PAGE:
Did you realize that age-related hearing loss impacts roughly one in three U.S. adults between the ages of 65 and 74 (and roughly half of those are over 75)? But despite its prevalence, only around 30% of older Americans who suffer from loss of hearing have ever used hearing aids (and for those younger than 60, the number goes down to 16%!). Dependant upon whose numbers you look at, there are at least 20 million Americans suffering from neglected loss of hearing; though some estimates put this closer to 30 million.
As people grow older, they overlook seeking treatment for hearing loss for a variety of reasons. (One study found that just 28% of people even had their hearing tested, even though they reported suffering from hearing loss, and the majority did not seek out additional treatment. For some people, it’s just like wrinkles or gray hair, just part of growing old. Hearing loss has long been easy to diagnose, but thanks to the substantial developments that have been accomplished in the technology of hearing aids, it’s also a highly manageable situation. That’s important because a growing body of data shows that treating hearing loss can improve more than your hearing.
A recent study from a research group based at Columbia University, adds to the body of knowledge linking loss of hearing and depression.
They give each participant an audiometric hearing exam and also examine them for signs of depression. After a range of variables are taken into consideration, the researchers found that the odds of having clinically significant symptoms of depression increased by about 45% for every 20-decibel increase in hearing loss. And to be clear, 20 dB is very little noise. It’s quieter than a whisper, roughly the same as the sound of leaves rustling.
It’s surprising that such a tiny difference in hearing creates such a big increase in the odds of experiencing depression, but the basic link isn’t a shocker. There is a large collection of literature on depression and hearing loss and this new study adds to that research, like this multi-year analysis from 2000 which found that loss of hearing got worse in relation to a worsening of mental health, or this study from 2014 that found that both people who reported having problems hearing and who were found to suffer from loss of hearing based on hearing examinations had a substantially higher risk of depression.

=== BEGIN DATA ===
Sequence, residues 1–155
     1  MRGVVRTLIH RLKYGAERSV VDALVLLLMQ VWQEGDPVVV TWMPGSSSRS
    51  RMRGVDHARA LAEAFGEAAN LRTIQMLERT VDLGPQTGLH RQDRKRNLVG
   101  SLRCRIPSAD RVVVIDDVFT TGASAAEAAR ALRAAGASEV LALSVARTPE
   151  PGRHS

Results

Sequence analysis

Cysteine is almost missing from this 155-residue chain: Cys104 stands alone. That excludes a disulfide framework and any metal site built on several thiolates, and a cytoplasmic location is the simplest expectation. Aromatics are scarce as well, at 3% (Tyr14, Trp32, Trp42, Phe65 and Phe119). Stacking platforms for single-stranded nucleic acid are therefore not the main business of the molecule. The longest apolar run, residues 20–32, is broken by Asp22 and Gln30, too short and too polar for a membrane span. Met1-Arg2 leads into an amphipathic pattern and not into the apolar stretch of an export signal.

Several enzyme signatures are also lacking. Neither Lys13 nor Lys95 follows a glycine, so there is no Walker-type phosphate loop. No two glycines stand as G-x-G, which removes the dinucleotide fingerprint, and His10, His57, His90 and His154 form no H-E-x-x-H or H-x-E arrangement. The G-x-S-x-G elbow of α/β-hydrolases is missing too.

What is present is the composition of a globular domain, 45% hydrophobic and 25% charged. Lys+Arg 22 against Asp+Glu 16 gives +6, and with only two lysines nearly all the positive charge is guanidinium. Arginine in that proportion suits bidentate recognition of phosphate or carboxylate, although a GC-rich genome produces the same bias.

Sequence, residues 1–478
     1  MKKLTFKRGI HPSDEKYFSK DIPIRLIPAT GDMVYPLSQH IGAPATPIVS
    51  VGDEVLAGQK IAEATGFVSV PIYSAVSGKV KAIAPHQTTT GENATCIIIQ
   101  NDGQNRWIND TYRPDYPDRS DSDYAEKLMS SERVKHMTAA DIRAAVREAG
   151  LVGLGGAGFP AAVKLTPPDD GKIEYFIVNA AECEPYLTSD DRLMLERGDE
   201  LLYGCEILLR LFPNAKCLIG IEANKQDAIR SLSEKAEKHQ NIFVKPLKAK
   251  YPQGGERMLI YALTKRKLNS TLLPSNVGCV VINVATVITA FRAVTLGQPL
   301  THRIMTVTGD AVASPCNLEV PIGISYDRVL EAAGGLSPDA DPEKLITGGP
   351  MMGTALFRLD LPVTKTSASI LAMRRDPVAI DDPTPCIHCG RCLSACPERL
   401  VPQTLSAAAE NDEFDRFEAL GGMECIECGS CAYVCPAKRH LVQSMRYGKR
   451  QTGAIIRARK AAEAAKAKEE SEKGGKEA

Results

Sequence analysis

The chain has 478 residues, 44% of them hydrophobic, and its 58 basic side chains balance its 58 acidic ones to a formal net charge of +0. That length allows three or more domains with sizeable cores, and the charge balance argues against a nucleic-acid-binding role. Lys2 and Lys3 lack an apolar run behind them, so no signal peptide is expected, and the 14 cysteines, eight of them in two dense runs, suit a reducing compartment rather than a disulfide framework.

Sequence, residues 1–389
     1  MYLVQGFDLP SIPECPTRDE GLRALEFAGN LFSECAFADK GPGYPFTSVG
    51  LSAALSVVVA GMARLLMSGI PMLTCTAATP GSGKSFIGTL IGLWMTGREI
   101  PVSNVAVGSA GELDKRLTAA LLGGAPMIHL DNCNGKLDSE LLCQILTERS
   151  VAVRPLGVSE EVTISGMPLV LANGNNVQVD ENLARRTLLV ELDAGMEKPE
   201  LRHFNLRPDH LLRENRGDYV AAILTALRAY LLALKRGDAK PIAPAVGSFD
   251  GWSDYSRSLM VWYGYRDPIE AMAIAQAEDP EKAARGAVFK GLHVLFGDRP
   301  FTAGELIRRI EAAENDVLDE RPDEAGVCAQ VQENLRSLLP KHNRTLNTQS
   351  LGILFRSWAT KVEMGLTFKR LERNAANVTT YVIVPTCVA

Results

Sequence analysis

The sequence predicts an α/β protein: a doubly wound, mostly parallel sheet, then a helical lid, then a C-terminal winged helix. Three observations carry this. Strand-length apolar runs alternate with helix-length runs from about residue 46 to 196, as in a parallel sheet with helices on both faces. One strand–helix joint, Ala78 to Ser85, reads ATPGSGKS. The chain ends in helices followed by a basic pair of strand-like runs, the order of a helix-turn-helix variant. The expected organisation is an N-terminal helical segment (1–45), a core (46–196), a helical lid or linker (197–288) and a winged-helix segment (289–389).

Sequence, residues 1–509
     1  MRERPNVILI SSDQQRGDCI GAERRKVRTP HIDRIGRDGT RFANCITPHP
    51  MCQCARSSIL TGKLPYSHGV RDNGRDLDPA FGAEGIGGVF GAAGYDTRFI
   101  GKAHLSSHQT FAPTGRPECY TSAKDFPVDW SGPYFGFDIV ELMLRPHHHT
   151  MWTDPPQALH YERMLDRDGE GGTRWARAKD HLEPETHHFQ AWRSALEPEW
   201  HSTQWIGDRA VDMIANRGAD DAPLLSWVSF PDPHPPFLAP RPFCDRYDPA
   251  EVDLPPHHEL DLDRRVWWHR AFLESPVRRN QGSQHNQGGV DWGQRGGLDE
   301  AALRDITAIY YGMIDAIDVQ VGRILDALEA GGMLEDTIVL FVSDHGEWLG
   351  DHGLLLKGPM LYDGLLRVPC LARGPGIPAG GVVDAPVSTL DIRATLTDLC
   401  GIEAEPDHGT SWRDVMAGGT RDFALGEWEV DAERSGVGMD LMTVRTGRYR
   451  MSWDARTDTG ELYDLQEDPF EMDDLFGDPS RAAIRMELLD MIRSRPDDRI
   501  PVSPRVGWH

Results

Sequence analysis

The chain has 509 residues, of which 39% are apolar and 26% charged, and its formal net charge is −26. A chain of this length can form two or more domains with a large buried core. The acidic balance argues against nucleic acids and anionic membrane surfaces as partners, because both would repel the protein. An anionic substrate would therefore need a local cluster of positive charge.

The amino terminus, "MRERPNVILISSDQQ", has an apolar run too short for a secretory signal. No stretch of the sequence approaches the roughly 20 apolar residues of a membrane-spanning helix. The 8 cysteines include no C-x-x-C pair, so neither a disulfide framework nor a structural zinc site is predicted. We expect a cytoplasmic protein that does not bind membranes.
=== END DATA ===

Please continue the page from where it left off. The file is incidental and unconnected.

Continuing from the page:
Here’s the good news: it isn’t a chemical or biological connection that researchers suspect exists between hearing loss and depression, it’s social. Difficulty hearing can cause feelings of anxiety and lead sufferers to avoid social situations or even normal interactions. Social isolation can be the result, which further feeds into feelings of depression and anxiety. It’s a cycle that is very easily disrupted even though it’s a horrible one.
Numerous researchers have found that treating loss of hearing, typically with hearing aids, can assist to alleviate symptoms of depression. More than 1,000 people in their 70s were examined in a 2014 study that discovered that those who used hearing aids were significantly less more likely to experience symptoms of depression, but due to the fact that the authors didn’t examine the data over a period of time, they couldn’t determine a cause and effect relationship.
But other studies which followed people before and after using hearing aids bears out the hypothesis that managing loss of hearing can assist in alleviating symptoms of depression. Even though this 2011 study only evaluated a small cluster of individuals, a total of 34, after only three months using hearing aids, according to the studies, all of them revealed significant progress in both cognitive functioning and depressive symptoms. Another small-scale study from 2012 found the exact same results even further out, with every single person six months out from starting to wear hearing aids, were still experiencing less depression. Large groups of U.S. veterans who suffered from loss of hearing were evaluated in a 1992 study that discovered that a full 12 months after beginning to wear hearing aids, fewer symptoms of depression were experienced by the vets.
Hearing loss is tough, but you don’t need to go it by yourself. Call us.